Having recently been entranced by an acoustic blues artist’s live show, the brief note our PR manager made next to Elbrus‘ self-titled album lured me into this sonic masterpiece. I am genuinely blown away by the seemingly effortless blend of doom and psychedelic blues rock and would heartily recommend it to all who enjoy these genres. Elbrus‘ first outing is a spectacular effort, made even better by the crisp production and attention to detail the band have put in.
Hailing from down under – Melbourne to be specific – Elbrus are sure to make waves in the industry. Whilst some bands take 2-3 albums to fully mature, Elbrus have flipped that principle on its head, tearing straight out of the starting blocks and delivering a wonderfully produced record with incredible song writing to boot. Six tracks long and with a run time of 40 minutes give or take, it is certainly not one of last year’s longest albums, but definitely one of my favourites.
The album is very dreamy from start to finish, with spacey organs complementing feedback-laden, twangy guitars to lull the listener into a semi-fugue state. Drift off too much and suddenly you’re woken up by thundering distortion, with Ollie on vocals belting out lyrics in a bluesy tone to shatter any chance you had of sleeping. The vocals are certainly one of my favourite aspects of Elbrus. Ollie opens the record with soft dulcet tones, really setting the dreamscape. This subsequently leads into one of my favourite mixed sex duets I’ve heard in a long while, before Ollie kicks it up a gear to belt out the lyrics towards the end of the first track ‘Tall Shadow’. Fans of Witchcraft‘s Magnus Pelander will certainly like the vocal range on show in this album, as will anybody with an soft spot for blues vocals in general.
Up next is one of my favourite tracks of 2016: ‘Break The Machine’. Playing off the riff from the first track to begin with, the heavy guitars and thrumming bass slowly build up to an epic crescendo. The guitars are almost bruising in this song, with the band pushing the limits of their gear to create a concrete sound that does not let up. Once the song has built up and dropped back down, then comes its unique part: a harmonica solo, and an excellent one at that. Offering the listener a reprieve from the doom-ridden guitars, it blasts out, accentuating the thunder of the drums and bringing this most excellent song to a close.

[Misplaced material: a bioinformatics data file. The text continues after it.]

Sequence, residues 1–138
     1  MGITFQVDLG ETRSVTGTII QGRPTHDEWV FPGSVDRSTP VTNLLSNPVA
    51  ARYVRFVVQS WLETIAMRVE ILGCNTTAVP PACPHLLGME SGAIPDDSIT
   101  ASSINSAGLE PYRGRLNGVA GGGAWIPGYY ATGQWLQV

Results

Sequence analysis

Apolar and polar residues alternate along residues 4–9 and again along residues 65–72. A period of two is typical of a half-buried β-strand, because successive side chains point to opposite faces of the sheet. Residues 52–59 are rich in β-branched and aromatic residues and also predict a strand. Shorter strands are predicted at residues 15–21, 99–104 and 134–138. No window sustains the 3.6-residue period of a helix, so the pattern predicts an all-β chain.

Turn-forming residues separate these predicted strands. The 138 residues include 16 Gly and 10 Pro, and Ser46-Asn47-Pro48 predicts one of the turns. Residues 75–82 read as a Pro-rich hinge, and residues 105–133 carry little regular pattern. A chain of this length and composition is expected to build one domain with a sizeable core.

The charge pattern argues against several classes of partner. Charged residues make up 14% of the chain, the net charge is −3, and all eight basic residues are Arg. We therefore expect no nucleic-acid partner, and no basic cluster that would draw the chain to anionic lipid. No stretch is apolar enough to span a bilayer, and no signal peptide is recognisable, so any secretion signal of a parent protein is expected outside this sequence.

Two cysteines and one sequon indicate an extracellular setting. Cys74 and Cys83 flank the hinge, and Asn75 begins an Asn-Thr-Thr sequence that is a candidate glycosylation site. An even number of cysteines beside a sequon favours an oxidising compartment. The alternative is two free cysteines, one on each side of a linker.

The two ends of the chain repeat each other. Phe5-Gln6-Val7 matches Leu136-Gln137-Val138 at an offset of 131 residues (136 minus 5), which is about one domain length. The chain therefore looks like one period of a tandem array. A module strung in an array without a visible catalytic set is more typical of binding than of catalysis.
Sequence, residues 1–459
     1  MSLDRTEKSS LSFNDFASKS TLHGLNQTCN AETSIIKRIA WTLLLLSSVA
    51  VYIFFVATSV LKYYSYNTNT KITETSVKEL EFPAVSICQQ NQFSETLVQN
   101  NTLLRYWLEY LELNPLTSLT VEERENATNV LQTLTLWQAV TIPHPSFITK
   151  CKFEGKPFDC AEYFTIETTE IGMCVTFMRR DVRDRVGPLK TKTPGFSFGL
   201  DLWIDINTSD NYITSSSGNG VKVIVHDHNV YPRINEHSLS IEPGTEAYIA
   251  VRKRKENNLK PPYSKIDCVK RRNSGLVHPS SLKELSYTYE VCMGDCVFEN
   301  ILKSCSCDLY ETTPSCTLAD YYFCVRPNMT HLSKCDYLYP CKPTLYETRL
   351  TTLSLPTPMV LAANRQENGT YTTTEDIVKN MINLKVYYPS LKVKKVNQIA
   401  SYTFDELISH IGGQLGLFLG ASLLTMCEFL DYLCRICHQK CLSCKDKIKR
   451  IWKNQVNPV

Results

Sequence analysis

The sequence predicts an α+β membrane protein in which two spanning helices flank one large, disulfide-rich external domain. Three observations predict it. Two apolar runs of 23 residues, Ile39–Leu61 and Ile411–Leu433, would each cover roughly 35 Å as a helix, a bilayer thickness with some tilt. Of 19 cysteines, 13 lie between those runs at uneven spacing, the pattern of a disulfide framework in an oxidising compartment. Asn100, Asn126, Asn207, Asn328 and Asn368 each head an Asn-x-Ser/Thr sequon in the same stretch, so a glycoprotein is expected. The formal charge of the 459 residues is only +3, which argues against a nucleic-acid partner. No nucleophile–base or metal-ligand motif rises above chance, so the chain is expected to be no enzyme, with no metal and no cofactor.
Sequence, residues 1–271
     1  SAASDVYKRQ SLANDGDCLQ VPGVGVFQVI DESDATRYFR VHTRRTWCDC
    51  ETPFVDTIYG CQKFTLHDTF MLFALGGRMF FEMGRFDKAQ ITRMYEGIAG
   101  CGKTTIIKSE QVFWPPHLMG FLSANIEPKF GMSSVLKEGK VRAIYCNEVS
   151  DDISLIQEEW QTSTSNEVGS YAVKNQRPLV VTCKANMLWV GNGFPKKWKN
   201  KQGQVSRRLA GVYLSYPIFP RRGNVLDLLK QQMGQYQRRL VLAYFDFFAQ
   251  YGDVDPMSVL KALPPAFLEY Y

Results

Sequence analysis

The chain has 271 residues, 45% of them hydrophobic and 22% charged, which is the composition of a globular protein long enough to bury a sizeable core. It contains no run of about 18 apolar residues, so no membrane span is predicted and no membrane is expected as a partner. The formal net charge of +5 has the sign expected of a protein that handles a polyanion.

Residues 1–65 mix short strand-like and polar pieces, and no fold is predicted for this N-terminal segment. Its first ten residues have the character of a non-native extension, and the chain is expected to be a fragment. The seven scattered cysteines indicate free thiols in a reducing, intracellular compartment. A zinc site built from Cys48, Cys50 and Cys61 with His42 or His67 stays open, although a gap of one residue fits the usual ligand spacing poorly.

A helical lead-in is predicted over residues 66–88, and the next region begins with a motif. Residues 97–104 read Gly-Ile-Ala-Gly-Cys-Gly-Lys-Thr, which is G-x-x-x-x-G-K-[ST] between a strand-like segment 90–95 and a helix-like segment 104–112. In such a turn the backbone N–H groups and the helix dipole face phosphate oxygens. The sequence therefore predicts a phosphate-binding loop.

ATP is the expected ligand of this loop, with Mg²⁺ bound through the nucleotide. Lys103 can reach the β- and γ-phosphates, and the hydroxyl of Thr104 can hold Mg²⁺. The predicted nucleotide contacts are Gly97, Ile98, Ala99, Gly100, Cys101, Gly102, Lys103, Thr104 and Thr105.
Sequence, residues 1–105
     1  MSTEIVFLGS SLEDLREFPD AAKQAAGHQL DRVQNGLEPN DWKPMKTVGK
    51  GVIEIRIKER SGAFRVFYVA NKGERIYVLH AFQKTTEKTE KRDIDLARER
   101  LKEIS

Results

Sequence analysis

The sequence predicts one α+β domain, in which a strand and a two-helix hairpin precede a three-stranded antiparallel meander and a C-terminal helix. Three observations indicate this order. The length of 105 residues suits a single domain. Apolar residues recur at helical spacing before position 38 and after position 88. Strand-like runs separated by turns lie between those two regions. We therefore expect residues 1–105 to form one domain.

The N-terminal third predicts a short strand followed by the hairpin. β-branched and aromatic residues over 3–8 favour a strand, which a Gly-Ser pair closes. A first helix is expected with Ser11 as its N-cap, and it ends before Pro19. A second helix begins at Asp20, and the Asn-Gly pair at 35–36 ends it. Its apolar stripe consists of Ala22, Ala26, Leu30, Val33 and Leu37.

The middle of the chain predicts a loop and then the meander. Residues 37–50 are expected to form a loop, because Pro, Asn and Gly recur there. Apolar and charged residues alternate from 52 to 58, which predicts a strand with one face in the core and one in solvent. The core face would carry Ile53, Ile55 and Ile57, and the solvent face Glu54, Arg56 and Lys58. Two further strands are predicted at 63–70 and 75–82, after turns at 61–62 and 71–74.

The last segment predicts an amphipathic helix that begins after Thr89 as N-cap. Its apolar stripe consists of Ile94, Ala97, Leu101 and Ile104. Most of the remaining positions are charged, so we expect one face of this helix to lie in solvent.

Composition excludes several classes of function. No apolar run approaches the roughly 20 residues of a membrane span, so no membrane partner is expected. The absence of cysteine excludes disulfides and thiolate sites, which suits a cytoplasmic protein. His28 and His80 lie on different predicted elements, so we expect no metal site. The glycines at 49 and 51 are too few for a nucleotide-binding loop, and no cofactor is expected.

‘Eyes Of The Mammal’ is another fantastic track, and here you can certainly hear influences in the vocals and guitars from bands like Clutch & The Sword. The two-part track mid-way through the record really accentuates the two strengths of this band: the bluesy/dreamy aspects and the crushing doom rock they can conjure. The last track seems to fade out slowly before taking you for one final ride, ending the way you want it to and not with a shitty fizzle like many do.
Elbrus feels like a brilliant journey that has been sculpted over a long stretch of time. It’s a testament to the band’s abilities and certainly paints a pretty picture for their future. One could complain that the album is too short, however it’s fair to say Elbrus might’ve compromised on quality if focusing on quantity. It’s hard to draw criticisms towards the album, especially with the production being so crisp on the album. That being said, I did find the crashing cymbals overwhelming in the mix sometimes, but what band doesn’t struggle with that from time to time. Another great point I’d like to make is about the artwork. It’s a beautiful piece of art, with a full version available on their Facebook. The official album launch is on the 21st of January in Melbourne so if you can get down to it, but if not, this auditory delight is certainly one to wrap your ears around during the doomey winter months.
Notable Tracks: ‘Tall Shadow’, ‘Break the Machine’, ‘Eyes Of The Mammal’.
FFO: Witchcraft, The Sword, Clutch, And The Elephants